Digital Signage

4 Questions to Ask Before a Digital Signage Rollout

The University of Illinois at Urbana Champaign shares lessons learned from installing more than 350 digital signs across campus.

Over a decade ago, digital signage services at the University of Illinois began with the construction of two new campus buildings. Both buildings were scheduled to open in the fall of 2008 and had digital signage requirements incorporated in their designs, but neither had a prescribed solution to address whatever the needs of the occupants would be. This led to the development of a campus-level cost recovery IT service specifically to address the incorporation of digital signage into these (and subsequently other) buildings.

As a result, the university currently hosts 24 major units in what could be described as a federation of growing digital signage networks with more than 350 digital signs covering dozens of campus buildings. The history of this service is filled both with successes and failures, revealing the many challenges inherent in installing digital signage in a higher education setting — particularly for campus-level services at large institutions.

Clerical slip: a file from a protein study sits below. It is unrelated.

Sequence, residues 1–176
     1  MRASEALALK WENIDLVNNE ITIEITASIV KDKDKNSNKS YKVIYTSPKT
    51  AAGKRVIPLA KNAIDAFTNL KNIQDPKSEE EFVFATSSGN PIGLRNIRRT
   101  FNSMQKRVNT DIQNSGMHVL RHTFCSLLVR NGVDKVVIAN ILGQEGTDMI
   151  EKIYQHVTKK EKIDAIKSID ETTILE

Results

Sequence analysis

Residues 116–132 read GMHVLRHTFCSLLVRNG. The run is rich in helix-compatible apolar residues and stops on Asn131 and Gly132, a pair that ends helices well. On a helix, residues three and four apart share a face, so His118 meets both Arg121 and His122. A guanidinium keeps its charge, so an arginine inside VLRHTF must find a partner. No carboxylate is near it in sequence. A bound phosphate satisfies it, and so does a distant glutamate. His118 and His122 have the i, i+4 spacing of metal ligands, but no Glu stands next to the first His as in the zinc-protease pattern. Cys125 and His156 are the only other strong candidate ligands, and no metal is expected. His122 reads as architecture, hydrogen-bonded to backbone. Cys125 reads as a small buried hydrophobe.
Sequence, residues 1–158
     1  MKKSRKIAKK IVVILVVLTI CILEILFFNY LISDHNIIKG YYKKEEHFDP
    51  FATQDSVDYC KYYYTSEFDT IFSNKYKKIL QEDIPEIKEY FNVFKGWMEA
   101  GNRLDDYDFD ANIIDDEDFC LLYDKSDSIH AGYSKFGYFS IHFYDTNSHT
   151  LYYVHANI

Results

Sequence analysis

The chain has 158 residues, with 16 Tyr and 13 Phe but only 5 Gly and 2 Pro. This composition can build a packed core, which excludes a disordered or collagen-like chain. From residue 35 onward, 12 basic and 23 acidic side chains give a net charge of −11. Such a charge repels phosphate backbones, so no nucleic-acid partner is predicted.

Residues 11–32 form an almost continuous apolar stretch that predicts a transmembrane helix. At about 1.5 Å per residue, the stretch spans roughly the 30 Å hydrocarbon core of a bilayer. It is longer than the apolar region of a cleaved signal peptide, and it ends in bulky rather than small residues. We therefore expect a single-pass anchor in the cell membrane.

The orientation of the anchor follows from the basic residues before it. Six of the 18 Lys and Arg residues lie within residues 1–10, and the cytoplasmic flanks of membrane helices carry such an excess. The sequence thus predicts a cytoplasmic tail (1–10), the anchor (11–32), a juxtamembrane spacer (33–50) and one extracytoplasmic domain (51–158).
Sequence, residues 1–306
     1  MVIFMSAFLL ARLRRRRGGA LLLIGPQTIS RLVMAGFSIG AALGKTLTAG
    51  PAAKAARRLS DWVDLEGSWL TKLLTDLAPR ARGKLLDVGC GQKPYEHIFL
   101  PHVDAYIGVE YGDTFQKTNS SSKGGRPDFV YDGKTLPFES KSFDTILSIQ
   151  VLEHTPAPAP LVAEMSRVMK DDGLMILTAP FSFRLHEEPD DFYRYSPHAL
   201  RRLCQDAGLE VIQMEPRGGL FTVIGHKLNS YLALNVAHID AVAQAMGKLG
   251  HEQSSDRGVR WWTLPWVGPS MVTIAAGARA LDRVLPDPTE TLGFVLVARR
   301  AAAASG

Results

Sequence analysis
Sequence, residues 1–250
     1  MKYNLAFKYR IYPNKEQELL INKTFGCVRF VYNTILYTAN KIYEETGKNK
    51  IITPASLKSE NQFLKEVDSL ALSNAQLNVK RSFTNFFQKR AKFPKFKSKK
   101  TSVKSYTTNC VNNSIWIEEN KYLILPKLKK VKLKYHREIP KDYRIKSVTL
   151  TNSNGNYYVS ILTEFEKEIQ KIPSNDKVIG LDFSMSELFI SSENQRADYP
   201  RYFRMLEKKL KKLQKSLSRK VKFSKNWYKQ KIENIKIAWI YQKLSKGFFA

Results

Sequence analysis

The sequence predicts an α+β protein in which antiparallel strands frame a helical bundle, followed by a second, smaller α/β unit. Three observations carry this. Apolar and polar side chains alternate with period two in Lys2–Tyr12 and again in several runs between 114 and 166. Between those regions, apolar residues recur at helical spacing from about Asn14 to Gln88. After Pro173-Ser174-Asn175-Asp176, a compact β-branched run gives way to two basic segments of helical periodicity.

In reflection, there are four key questions that I wish we had asked before we started. I will address these from my own perspective, as the architect and manager of the service since its inception.

1) What is the business case?

Understanding your business case is key to digital signage. This may seem obvious, but the question must be asked openly and often. Approximately two years into our efforts here at Illinois, I was contacted by a deputy CIO who was about to begin a digital signage initiative on his campus. In this case, while I was the supposed expert, it was I who learned the most from our two-hour phone call, and I learned it in the first three minutes.